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Maryland Fishing Report is on break for the winter, and will resume in early 2020. For the latest information on fishing and water conditions in Maryland please sign up for our email newsletters at dnr.maryland.gov. Read more…
This is the final weekly Maryland Fishing Report of 2019 — we will return in 2020.
While everyone is caught up in the pre-holiday rush, those looking for a little respite will find plenty of fun fishing opportunities this month. The pre-season stocking of trout has begun and walleye, chain pickerel, yellow perch and catfish are all eager to entertain those who fish for them. The Chesapeake Bay striped bass season will come to a close on December 15, and the past couple weeks have been like the grand finale at a fireworks display. As the sun sets on the 2019 season, we look ahead to 2020.
The Maryland Department of Natural Resources has produced a fact sheet, available online, to address the many questions recreational anglers may have concerning future striped bass regulations and management.
The Sport Fisheries Advisory Commission recently created an annual recreational fisheries achievement award, to be given once a year. This is a great opportunity to recognize someone you know who goes that extra distance in volunteering their services to aid in promoting and conserving our recreational fisheries resources in Maryland. For more information and to nominate someone, find everything you need on the department’s website.
There is no doubt the hand of winter is passing over Maryland. Despite colder weather, there is plenty of fun fishing to be had from the sheltered shores of the many ponds, lakes, reservoirs, creeks, and rivers throughout Maryland. The preseason stocking of trout has begun, and other fish such as chain pickerel are active and waiting for you.
The Sport Fisheries Advisory Commission recently created an annual recreational fisheries achievement award, to be given once a year. This is a great opportunity to recognize someone you know who goes that extra distance to volunteer their services to help with the promotion and conservation of our recreational fisheries resources in Maryland. For more information and to nominate someone, find everything you need on the Department of Natural Resources website.
Although the mornings can be a bit nippy, good fishing opportunities exist from the mountains of western Maryland to the waters of the Atlantic. The Chesapeake Bay striped bass season has a little more than two weeks to go before it closes, and anglers are bundling up and enjoying the fun.
The chill of late November is beginning to lay its hand upon the Maryland landscape. Freshwater species such as trout, walleye, and chain pickerel seem to love the cold. Our blue crabs are seeking the perfect mix of deep water sand and mud to take a winter’s nap.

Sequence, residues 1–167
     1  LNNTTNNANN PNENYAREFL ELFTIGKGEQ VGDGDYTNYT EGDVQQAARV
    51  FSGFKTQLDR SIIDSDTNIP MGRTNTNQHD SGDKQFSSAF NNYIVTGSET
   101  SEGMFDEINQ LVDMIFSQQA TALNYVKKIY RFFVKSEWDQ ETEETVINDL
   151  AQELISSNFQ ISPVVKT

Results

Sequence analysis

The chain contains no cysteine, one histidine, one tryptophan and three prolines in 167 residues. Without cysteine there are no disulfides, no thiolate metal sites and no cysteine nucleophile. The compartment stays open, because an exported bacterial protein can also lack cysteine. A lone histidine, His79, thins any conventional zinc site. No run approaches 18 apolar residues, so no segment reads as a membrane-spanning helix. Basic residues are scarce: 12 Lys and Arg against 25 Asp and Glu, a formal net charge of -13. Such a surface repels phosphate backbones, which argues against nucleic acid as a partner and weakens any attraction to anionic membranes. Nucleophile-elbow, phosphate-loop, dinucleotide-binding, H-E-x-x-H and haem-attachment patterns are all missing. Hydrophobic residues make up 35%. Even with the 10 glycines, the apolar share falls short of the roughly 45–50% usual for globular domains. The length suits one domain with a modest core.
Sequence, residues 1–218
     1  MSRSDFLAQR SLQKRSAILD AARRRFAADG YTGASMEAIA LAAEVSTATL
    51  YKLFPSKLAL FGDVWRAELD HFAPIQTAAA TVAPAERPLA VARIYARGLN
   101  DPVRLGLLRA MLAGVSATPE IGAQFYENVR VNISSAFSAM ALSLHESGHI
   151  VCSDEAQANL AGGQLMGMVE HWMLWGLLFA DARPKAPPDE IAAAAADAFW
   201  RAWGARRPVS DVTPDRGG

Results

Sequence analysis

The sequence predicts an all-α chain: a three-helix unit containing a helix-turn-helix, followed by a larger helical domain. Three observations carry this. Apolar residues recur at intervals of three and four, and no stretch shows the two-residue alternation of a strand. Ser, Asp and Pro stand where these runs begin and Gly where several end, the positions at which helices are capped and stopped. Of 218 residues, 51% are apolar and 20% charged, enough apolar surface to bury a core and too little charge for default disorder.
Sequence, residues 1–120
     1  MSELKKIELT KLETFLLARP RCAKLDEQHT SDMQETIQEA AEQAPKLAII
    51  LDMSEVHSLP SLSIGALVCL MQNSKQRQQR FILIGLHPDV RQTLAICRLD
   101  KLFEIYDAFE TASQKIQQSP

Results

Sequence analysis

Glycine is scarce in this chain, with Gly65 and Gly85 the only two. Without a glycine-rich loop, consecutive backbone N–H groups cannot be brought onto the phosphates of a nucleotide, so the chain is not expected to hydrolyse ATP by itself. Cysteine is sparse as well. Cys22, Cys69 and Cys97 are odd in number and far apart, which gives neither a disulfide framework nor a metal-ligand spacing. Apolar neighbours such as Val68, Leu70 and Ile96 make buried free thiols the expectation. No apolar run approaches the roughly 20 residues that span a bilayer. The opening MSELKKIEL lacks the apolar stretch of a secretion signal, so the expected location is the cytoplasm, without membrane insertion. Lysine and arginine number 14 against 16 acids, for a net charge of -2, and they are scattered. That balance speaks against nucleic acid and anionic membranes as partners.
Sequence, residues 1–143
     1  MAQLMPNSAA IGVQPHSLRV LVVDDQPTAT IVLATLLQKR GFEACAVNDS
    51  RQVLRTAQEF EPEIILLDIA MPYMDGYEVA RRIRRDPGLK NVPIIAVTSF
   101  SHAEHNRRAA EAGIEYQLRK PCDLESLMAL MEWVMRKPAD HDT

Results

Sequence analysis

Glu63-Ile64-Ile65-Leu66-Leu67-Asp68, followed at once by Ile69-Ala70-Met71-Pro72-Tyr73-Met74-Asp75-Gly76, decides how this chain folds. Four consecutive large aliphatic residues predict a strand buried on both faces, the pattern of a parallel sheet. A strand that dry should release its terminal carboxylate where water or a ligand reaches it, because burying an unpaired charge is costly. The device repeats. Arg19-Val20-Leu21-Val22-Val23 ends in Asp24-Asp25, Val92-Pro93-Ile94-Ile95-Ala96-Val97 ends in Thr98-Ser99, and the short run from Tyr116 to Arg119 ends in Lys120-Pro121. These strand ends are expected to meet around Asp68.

White perch and resident striped bass are moving into the deep waters of the Chesapeake to snooze out the cold winter months. The late fall offers plenty of good fishing as fish feed heavily to build up winter stores, so don’t miss it.
The colder weather has descended upon the Maryland landscape and few know it better than our furry, finned, and feathered friends who call the outdoors their home. All are on a bit of a feeding binge to prepare for the cold winter months ahead.
November has started off with lots of exciting fishing opportunities. Maryland Department of Natural Resources crews have stocked generous amounts of trout in waters throughout the state, as our fall stocking program comes to an end. Chesapeake anglers are enjoying fishing for striped bass and coastal anglers are experiencing excellent fishing for sea bass. Mike Glyphis was fishing 16 miles off Ocean City when he hooked up with a 5.6-pound gray triggerfish, which is now recognized as a new state record inching out the previous record of 5.2 pounds set in 2014.
As October comes to a close, Maryland anglers will find there are plenty of treats and no tricks awaiting them. The fall stocking program has released a very generous amount of trout across Maryland; Chesapeake Bay anglers are enjoying some of the season’s finest light-tackle action; and sea bass fishing off Ocean City has been excellent.
The stormy weather during September and October often bring fishy friends from southern waters to the coast of Ocean City. Don Whittington of Bivalve, Wicomico County, was fishing near some offshore lobster pot buoys recently when he caught an 11-pound tripletail, a new addition to our state record species list.
Without a doubt we are now in a fall weather pattern, and those sunny days will become less and less frequent. Some are taking advantage of these remaining warm days and catching the last of the Chesapeake Bay’s summer bounty of blue crab. Read more…